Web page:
Finally, something in Seattle, right? This dish couldn’t be more opposite from that at number 7. Lemon Cucumbers, picked up by Matt Dillon at the farmers market a few hours before his restaurant opened, sliced and briefly cooked with fresh dill and trempeti olive oil. Served all by themselves, on a plate his roommate picked up for him at the goodwill, in the tiny restaurant habitating a stripmall storefront. These lemon cukes were tenderly selected from their source, and with as much respect as the farmer grew them with, this chef cooked them. It may have been the only day they were on Matt’s Chalkboard menu which changes as rapidly as the farmers markets, but lucky me for stumbling in. It was a dish I’ll never forget.
9. Moroccan spiced Lamb Burgers, Veil, Seattle, WA.
Sliders have been more than trendy these past years, but Shannon’s version made as a bar snack for his cocktail lounge standout from the pack. Made with fresh lamb shoulder ground with garam masalla, they are topped with a rich cows milk feta and balsamic pickled shallots. Sandwiched between little brioche buns dressed with a house made harissa aoili, I could eat these all day. The flavor combination adds up to much more than the sum of it’s parts. I often find myself or another cook making little meatless sandwiches out of the feta, pickled onions, and harissa aioli for a quick pick me up snack durring service.
10. Mixed Citrus Creamsicle, Veil, Seattle, WA.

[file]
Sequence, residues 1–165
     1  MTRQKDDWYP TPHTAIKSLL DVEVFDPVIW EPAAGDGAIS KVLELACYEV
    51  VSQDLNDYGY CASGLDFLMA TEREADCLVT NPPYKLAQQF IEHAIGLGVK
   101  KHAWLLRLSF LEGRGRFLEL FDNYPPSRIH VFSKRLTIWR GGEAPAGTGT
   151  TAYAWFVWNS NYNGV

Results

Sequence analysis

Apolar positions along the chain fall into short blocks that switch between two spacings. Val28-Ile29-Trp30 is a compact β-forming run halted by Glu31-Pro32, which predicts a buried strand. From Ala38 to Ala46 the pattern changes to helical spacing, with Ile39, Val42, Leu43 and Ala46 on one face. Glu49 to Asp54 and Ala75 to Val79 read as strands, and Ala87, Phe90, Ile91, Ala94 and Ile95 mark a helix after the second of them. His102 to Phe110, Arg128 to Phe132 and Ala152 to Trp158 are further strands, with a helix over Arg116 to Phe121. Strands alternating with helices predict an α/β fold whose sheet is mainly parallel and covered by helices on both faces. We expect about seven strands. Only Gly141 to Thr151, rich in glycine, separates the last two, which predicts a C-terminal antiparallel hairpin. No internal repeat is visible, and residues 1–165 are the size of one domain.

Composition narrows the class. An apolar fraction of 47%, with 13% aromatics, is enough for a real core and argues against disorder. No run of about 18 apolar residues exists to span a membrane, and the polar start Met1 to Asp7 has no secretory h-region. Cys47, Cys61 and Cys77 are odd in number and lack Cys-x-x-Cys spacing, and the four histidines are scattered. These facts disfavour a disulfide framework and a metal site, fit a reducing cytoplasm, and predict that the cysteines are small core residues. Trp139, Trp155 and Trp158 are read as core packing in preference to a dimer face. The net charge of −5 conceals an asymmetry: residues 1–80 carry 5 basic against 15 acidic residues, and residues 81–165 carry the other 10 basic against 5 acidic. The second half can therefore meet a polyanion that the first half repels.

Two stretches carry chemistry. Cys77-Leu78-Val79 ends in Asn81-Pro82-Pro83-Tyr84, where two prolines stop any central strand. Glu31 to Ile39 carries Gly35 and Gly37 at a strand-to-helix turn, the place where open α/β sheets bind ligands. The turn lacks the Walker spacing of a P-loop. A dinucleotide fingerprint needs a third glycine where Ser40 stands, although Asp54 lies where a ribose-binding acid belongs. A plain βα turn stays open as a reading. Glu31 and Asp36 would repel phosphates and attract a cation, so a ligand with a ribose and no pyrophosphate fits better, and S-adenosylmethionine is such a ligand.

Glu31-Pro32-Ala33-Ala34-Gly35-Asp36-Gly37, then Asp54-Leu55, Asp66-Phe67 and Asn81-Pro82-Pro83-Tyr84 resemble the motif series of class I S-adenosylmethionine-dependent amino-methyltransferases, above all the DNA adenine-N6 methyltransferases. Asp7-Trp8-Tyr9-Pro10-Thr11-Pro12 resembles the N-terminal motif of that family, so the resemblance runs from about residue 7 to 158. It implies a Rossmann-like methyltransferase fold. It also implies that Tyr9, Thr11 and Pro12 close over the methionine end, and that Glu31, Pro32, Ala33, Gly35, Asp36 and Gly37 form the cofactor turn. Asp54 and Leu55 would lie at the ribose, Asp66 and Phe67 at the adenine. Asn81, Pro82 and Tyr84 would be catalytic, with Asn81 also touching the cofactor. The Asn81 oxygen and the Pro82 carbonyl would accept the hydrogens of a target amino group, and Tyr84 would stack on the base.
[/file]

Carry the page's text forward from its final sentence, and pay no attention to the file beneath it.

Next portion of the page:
This is the dish I said was way out of bounds for me, because it’s one of my own. Normally I would NEVER put something of mine on a list like this. It goes against all humility I strive for, and breaks the deep criticism I view everything I make with. But this dessert is amazing. It’s everything I want all my desserts to be, and it’s the only dessert I have made that I want to sit down and eat. A uber light and airy tahitian vanilla bean bavarian, is made with an italian meringue rather than the usual custard base. By cutting out the rich custard base and substituting something very lean, the floral nuances of the tahitian vanilla bean really shine. It sits aside a mandarin sorbet, puckery, icy, and paired with the bavarian makes the orange/vanilla base for a creamsicle. Under these two components is this amazing bitter, acidic, fragrant passionfruit yogurt sauce pooled in a swoosh of brioche pudding. The broiche pudding, similar to a stovetop pudding rather than a baked bread pudding is a dense texture completely unexpected, and the yeasty rich butteriness is surprisingly delicious with the dessert. Little candied kumquats and confited meyer lemon add to the plate, which has received the same unsolicited compliment from nearly everyone I have fed it to, “this is one of the best things I have ever tasted.” And for once I can whole heartedly agree with them. This dessert is one of the best things I too have tasted, and every time I do I am stunned that it came out of me.
Enough about me, what are your favorite tastes this year???